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Sheppard Mullin Announces Court Approval of Historic Settlement Making the NYC Subway Accessible to People Who Need Stair-Free Access

Agreement Will Create a Stair-Free Path of Travel in at Least 95 Percent of MTA Subway Stations

Sheppard Mullin is pleased to announce that Justice Shlomo Hagler of the New York state Supreme Court today approved a historic settlement agreement that will make the New York City subway accessible for more than half a million people with disabilities who cannot use stairs.

Under the terms of the agreement, the MTA will commit to dedicating 14.69 percent of each of its five-year capital plan budgets to station accessibility, barring unexpected critical needs. Should such unexpected needs arise, the MTA will devote no less than 8 percent of its total capital plan budget to station accessibility. The capital plan has never before mandated a minimum, let alone such a significant investment, in making stations accessible to people with disabilities. The agreement also ensures that stations will be made accessible as part of many renovation and rehabilitation projects, increasing the total number of accessible stations to 81 stations currently slated for accessibility under the 2020-2024 capital program; an additional 85 stations by 2035; another 90 stations by 2045; and the final 90 stations by 2055. Justice Hagler remarked that the settlement was “the right thing to do” and approving the historic agreement today was his “happiest day as a judge.”

“This landmark agreement brings to a conclusion decades of advocacy by the disability community and our clients for equal access to New York City’s subway system,” said Dan Brown, Sheppard Mullin’s Pro Bono Partner, who has been working on this case since 2019. “I’m so proud to say we achieved our goal and future generations of New Yorkers will be able to enjoy the benefits of our subway system.”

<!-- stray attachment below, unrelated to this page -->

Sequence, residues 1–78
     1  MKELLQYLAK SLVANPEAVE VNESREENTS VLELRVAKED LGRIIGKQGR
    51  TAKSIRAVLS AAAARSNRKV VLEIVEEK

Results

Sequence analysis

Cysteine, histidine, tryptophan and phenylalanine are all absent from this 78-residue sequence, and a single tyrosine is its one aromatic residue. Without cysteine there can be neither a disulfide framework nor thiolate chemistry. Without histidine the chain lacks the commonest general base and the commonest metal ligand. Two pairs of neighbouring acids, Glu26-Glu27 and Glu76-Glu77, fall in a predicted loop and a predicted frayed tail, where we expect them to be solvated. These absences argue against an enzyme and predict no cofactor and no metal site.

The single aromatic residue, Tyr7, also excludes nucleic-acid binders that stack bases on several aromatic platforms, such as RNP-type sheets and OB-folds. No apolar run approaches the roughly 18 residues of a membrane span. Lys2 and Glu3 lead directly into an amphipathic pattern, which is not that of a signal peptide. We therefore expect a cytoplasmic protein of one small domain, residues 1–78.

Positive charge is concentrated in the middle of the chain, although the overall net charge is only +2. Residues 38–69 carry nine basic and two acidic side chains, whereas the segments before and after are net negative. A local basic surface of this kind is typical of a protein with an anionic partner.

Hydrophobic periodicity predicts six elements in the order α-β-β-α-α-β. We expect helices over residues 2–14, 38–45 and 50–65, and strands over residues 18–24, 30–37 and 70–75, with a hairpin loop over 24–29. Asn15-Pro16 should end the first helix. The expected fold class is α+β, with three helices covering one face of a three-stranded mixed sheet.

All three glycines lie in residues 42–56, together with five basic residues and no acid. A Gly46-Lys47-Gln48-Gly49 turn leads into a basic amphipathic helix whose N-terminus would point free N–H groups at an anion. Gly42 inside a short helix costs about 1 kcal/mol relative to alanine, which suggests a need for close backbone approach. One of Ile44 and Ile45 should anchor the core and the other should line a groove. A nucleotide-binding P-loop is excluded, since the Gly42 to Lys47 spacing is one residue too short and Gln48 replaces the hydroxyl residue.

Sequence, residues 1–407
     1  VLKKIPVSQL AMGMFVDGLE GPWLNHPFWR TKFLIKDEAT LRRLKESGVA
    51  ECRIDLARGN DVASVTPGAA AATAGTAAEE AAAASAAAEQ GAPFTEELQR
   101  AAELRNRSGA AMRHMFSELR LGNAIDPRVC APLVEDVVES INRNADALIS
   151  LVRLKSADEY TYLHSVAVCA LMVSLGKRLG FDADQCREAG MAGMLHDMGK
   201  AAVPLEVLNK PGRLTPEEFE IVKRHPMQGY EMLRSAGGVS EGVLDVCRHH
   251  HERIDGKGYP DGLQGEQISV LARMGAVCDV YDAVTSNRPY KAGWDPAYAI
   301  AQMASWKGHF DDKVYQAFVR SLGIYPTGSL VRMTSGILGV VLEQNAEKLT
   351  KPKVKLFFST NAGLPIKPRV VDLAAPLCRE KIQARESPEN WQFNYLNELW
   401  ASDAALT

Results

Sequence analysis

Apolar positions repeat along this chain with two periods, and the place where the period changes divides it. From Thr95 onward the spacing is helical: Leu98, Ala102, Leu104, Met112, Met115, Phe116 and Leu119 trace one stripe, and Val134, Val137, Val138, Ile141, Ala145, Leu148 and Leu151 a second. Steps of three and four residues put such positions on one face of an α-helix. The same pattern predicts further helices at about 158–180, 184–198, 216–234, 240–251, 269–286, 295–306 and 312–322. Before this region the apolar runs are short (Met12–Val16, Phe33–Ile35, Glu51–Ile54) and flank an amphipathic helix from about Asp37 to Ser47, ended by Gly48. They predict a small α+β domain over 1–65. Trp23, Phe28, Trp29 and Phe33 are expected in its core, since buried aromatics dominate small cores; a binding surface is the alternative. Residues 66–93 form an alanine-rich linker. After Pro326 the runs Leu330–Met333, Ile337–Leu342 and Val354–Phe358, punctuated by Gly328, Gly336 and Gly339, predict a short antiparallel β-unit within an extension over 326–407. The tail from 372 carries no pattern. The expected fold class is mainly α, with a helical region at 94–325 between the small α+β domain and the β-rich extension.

Sheppard Mullin served as co-counsel with Disability Rights Advocates (“DRA”) in a class action lawsuit filed in 2017 in New York state court alleging that the overwhelming inaccessibility of the current subway system violates the New York City Human Rights Law. A second lawsuit, filed in 2019 in federal court in the Southern District of New York alleged that the MTA renovates and rehabilitates subway stations without adding stair-free access in violation of the Americans with Disabilities Act. The settlement agreement granted final approval by the federal court on April 7, 2023, and by the state court today, settles both lawsuits.

Sheppard Mullin and DRA have a long track record achieving historic results on behalf of hundreds of thousands of New Yorkers with disabilities, including cases that have led to dramatically improved accessibility of New York City’s sidewalks; an accessible yellow taxi fleet, and the most comprehensive disaster plan ever established in the country aimed at improving the lives and safety of New Yorkers with disabilities. In the late 1990s, Dan Brown also represented plaintiffs in a lawsuit brought under the Americans with Disabilities (ADA) Act on behalf of wheelchair athletes that led to the creation of the wheelchair division in the New York City Marathon.

Click here to read DRA’s press release with additional information about the settlement and plaintiffs’ reactions.


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